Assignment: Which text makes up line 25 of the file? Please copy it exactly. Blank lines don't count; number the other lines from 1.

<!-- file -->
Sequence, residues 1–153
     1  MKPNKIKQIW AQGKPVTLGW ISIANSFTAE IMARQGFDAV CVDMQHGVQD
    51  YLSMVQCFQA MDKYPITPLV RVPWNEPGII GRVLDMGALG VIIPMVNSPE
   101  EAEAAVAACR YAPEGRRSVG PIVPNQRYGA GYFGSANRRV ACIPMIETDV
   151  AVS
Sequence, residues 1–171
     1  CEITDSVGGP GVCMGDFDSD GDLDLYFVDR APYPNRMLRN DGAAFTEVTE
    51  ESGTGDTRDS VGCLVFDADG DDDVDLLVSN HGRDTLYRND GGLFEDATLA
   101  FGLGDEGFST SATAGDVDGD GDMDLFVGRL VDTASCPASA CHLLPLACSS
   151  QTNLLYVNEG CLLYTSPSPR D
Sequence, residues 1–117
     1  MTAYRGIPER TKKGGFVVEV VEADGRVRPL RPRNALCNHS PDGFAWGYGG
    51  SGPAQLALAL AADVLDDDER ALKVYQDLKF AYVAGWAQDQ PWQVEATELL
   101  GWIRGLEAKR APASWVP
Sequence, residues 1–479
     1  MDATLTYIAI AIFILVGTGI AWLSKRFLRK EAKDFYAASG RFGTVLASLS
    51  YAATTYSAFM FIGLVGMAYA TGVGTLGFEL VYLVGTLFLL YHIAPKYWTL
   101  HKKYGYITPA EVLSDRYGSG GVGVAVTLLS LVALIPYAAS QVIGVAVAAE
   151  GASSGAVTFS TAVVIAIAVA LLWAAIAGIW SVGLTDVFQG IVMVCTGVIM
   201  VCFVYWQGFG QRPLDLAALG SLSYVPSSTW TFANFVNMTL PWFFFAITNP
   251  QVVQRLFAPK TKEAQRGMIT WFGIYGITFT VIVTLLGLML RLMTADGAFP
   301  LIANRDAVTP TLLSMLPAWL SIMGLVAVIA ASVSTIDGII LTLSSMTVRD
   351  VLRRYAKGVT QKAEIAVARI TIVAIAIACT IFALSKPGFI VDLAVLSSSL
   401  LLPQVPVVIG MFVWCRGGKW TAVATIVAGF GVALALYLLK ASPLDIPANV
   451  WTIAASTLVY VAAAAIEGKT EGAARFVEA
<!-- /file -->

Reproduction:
   451  WTIAASTLVY VAAAAIEGKT EGAARFVEA